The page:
To Thine Own Self Be True

In 2017 the Chinese Horoscope includes the Zodiac sign of the Goat. The Goat has the qualities of her defects, and the defects of her qualities; she’s very intelligent, insightful and visionary. Though the Goat may seem weak at first, she’s actually robust, especially when it comes to defending her own interests. Naturally charming and deeply gentle, the Goat needs to be well accompanied in order to fully blossom.




August 2017

Recent memories from my mother: “About 6 weeks after you were born, I went to see the doctor who had delivered you.  He asked, “How is the baby,” and I burst into tears.  I did not understand why you were born without the usual 10 fingers and toes, for I had not taken anything, not even an aspirin. Luckily, you were a very bright-eyed baby, quick to learn and to communicate. And such determination! One of your favorite expressions was, “I do it my selfie.”  And you learned to do just about everything on your own. From the very beginning, I remember in nursery school, you had a close circle of friends.  And you had a wonderful ability to give advice. Your father and I determined very early on that if you were going to have a successful life we would not overprotect you but allow you to make your own way. We would always be there to advise you, and of course your brothers helped a lot as well.”


August 1977

“I couldn’t do it Mommy. I went over to the chicken coop instead to collect eggs.”  I was with my mother setting the table for dinner, responding to her question about my day at the Farm Lake Day Camp in Champaign, IL.  I had just described how one of the counselors took us over to see the goats and even allowed us to milk them. “Girls, hand-milking a goat isn’t difficult, but you do have to practice to be efficient at it. Some goats are like cows and have teats that are large enough for you to use all fingers on them, while others are so small that you can only use three fingers.”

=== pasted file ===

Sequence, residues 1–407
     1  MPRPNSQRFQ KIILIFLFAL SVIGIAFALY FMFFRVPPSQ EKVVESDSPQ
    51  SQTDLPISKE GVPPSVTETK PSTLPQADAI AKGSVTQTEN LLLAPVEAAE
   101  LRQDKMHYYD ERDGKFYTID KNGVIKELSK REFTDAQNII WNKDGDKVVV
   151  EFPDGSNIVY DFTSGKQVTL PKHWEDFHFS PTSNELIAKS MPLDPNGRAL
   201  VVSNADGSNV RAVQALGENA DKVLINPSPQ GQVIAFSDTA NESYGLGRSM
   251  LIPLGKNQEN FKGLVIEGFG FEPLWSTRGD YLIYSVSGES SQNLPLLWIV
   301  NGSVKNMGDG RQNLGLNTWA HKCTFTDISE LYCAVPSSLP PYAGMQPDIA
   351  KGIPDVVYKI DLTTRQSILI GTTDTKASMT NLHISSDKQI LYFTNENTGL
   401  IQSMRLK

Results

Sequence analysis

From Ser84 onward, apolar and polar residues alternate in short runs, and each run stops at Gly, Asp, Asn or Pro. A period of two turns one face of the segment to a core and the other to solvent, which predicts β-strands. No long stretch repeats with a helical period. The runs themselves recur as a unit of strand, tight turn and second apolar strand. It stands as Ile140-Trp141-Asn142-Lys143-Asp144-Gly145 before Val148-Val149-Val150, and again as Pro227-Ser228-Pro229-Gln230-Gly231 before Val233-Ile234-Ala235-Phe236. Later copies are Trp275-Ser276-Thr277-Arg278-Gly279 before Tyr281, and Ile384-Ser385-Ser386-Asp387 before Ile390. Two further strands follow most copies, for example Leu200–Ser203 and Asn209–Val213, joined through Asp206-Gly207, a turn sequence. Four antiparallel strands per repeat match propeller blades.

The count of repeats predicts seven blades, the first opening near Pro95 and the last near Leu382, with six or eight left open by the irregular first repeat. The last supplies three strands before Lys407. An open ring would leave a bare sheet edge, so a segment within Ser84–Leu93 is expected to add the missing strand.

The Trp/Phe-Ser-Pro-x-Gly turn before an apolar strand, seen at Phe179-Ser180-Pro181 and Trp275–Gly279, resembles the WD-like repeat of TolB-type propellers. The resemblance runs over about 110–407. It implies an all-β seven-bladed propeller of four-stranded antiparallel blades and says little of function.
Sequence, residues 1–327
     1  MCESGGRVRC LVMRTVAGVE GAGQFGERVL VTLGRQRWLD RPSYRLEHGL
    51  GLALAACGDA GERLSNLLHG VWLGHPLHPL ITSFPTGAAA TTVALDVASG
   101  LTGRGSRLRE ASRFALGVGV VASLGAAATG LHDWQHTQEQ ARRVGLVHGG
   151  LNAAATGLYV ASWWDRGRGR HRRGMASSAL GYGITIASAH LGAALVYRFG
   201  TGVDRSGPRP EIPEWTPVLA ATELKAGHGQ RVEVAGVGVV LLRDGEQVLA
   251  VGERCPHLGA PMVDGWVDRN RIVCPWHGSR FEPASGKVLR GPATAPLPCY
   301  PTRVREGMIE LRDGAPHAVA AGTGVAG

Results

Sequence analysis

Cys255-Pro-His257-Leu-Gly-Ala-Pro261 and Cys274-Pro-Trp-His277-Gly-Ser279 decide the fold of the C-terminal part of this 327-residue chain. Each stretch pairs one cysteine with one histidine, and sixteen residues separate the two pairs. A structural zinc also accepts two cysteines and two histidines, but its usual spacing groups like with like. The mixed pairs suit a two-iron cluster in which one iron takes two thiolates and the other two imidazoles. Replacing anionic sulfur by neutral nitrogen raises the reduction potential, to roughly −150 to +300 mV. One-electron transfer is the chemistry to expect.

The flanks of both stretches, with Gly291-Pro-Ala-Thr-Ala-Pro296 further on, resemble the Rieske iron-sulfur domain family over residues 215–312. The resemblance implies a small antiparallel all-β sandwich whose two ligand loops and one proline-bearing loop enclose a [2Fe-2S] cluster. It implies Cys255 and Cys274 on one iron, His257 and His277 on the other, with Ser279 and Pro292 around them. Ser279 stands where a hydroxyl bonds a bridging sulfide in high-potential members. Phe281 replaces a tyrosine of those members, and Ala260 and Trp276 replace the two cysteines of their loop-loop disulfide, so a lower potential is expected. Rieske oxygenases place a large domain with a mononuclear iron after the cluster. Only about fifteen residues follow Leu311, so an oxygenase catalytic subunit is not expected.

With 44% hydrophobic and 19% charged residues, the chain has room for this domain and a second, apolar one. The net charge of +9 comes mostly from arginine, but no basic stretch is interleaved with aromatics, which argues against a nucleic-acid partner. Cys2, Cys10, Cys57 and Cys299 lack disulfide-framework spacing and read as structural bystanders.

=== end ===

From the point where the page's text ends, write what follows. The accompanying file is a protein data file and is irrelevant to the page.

My friend Maia was thrilled to try, running over to wash her hands.  But when it was my turn, I came up with the excuse that I needed to collect eggs before anything happened to them. I was only eight, young enough to be excited by experiencing new things for the sake of their newness, but old enough to fully recognize my physical limitations.  Although too ashamed to admit it, I felt the opposite at home with my mom. I could confide in her about anything, including my fears that extracting the milk from a goat’s teat was likely impossibile for a one-fingered girl like me. Her response was matter of fact. “Well of course you should try it tomorrow.  Just use both hands for leverage.”  And so I did.





Today is my mother, Francine Schneider Weinbaum’s birthday.  The occasion has caused me to think about the importance of having a loving and supportive mother when facing a life with a physical difference.  I have so many memories of my mom challenging me to accept myself and persevere: